President Donald Trump is still planning to visit Kenosha, Wisconsin, this week after Democratic Wisconsin Gov. Tony Evers wrote him a letter urging that he reconsider as the city continues to grapple with racial unrest following the police shooting of Jacob Blake.
'The White House has been humbled by the outreach of individuals from Kenosha who have welcomed the President's visit and are longing for leadership to support local law enforcement and businesses that have been vandalized,' White House deputy press secretary Judd Deere said in a statement Sunday night.
'President Trump looks forward to visiting on Tuesday and helping this great city heal and rebuild.'
The statement came hours after Evers wrote a letter to Trump outlining his concern about what the President's presence 'will mean for Kenosha and our state.'
'I am concerned your presence will only hinder our healing. I am concerned your presence will only delay our work to overcome division and move forward together,' Evers wrote to Trump.
'It is our job as elected officials to lead by example and to be a calming presence for the people we know are hurting, mourning, and trying to cope with trauma. Now is not the time for divisiveness,' he continued.
'Now is not the time for elected officials to ignore armed militants and out-of-state instigators who want to contribute to our anguish.'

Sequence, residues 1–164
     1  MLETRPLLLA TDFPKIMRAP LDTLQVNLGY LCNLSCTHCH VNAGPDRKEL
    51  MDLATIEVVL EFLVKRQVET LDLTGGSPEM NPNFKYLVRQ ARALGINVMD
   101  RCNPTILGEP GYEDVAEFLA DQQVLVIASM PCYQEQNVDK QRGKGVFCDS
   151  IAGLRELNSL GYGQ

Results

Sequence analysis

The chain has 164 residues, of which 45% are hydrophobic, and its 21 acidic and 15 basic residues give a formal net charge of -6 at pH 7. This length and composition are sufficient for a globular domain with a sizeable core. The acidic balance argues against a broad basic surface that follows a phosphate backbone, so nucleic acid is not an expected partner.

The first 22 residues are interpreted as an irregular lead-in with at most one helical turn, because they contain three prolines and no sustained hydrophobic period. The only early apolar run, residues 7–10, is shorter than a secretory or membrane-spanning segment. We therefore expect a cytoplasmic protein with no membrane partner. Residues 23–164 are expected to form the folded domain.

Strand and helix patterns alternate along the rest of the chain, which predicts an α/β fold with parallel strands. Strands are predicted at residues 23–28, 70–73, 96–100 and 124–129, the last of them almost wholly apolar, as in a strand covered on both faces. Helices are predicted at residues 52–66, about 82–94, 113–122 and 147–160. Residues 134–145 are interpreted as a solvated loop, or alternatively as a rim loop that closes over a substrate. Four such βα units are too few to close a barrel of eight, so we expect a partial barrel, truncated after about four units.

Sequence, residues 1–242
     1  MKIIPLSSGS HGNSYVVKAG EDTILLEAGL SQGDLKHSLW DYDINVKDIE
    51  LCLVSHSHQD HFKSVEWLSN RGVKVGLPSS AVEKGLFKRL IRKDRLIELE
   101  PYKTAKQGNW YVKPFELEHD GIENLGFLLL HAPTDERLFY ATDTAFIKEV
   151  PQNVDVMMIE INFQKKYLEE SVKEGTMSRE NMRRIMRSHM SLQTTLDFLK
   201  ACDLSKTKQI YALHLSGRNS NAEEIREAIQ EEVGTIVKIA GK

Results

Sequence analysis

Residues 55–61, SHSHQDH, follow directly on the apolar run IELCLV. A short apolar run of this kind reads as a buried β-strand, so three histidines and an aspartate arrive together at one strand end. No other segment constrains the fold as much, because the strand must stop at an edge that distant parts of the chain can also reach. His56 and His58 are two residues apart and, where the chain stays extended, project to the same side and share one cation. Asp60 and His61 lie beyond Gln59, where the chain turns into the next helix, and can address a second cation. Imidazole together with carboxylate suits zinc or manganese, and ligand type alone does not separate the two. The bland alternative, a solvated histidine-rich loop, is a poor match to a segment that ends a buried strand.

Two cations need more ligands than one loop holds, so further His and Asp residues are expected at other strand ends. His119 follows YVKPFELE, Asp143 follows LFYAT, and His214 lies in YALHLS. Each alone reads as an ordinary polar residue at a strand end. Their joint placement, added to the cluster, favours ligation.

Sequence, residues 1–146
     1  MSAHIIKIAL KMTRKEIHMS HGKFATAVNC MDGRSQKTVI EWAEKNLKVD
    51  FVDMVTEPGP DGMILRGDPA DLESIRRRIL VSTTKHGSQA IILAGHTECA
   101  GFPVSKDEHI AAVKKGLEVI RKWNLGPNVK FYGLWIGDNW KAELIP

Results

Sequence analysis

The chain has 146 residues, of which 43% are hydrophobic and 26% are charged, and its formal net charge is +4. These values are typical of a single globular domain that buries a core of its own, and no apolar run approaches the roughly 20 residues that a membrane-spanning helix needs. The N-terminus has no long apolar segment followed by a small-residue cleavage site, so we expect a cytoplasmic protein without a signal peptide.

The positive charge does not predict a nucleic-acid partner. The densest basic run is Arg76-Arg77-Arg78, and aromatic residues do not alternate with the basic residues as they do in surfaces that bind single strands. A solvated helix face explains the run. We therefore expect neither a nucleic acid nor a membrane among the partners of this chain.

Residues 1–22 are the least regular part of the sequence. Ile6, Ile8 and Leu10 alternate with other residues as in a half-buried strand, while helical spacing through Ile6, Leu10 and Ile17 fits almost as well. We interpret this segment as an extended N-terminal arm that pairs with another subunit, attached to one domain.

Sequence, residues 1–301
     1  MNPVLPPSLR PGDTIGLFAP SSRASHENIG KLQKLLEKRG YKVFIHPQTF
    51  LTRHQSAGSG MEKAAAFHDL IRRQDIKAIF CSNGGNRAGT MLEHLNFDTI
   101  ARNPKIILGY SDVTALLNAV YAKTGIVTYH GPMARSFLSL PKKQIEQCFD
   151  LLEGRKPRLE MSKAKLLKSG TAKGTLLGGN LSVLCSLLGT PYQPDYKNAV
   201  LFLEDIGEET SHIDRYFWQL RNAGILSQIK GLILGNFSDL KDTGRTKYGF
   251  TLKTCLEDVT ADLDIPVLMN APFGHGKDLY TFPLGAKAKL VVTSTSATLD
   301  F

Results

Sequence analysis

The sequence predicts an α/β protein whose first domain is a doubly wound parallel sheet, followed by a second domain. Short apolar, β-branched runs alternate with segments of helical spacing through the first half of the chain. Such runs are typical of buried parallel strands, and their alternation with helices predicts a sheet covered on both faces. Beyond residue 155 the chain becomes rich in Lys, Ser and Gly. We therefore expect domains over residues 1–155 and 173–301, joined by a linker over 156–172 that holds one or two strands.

The White House had announced on Saturday that Trump would travel to Kenosha to meet with law enforcement and to survey some of the damage from the recent protests.
Kenosha is the latest city at the center of racial unrest after Blake, a Black man, was shot in the back seven times by a White police officer. Local officials have not discussed many details about Blake's shooting but continue addressing the nightly protests in Kenosha, especially after two people at a protest were killed and a third was seriously injured this week.
A 17-year-old was arrested Wednesday and is facing multiple charges involving several people for his alleged role in a shooting incident, authorities said.
When asked if the President would meet with Blake's family, Deere said Saturday that the schedule hasn't been fully ironed out yet.
Evers adds in his letter to Trump that he is also 'concerned that an in-person visit from you will require a massive re-direction of these resources to support your visit at a time when it is critical that we continue to remain focused on keeping the people of Kenosha safe and supporting the community's response.'
His message to the President builds on comments from Wisconsin Lt. Gov. Mandela Barnes who said earlier Sunday that Trump's presence would not be helpful in Kenosha.
'You look at the incendiary remarks that the President has made, they centered an entire convention around creating more animosity and creating more division around what is going on in Kenosha,' Barnes told CNN's John King on 'Inside Politics.'
'So, I don't know how given any of the previous statements that the President made that he intends to come here to be helpful. And we absolutely don't need that right now.'
This story has been updated to include comment from the White House.